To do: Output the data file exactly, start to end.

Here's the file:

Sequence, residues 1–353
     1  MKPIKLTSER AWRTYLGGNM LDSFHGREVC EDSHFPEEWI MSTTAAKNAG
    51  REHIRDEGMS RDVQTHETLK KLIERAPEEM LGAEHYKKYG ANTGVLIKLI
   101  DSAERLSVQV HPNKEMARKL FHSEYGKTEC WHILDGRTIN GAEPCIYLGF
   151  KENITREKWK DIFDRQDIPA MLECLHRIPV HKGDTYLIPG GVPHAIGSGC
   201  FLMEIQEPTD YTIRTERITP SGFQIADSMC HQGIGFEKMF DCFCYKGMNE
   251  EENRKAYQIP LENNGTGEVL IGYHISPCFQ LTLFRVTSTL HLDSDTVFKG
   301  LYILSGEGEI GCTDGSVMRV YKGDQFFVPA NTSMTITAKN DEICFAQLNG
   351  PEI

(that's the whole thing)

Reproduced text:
Sequence, residues 1–353
     1  MKPIKLTSER AWRTYLGGNM LDSFHGREVC EDSHFPEEWI MSTTAAKNAG
    51  REHIRDEGMS RDVQTHETLK KLIERAPEEM LGAEHYKKYG ANTGVLIKLI
   101  DSAERLSVQV HPNKEMARKL FHSEYGKTEC WHILDGRTIN GAEPCIYLGF
   151  KENITREKWK DIFDRQDIPA MLECLHRIPV HKGDTYLIPG GVPHAIGSGC
   201  FLMEIQEPTD YTIRTERITP SGFQIADSMC HQGIGFEKMF DCFCYKGMNE
   251  EENRKAYQIP LENNGTGEVL IGYHISPCFQ LTLFRVTSTL HLDSDTVFKG
   301  LYILSGEGEI GCTDGSVMRV YKGDQFFVPA NTSMTITAKN DEICFAQLNG
   351  PEI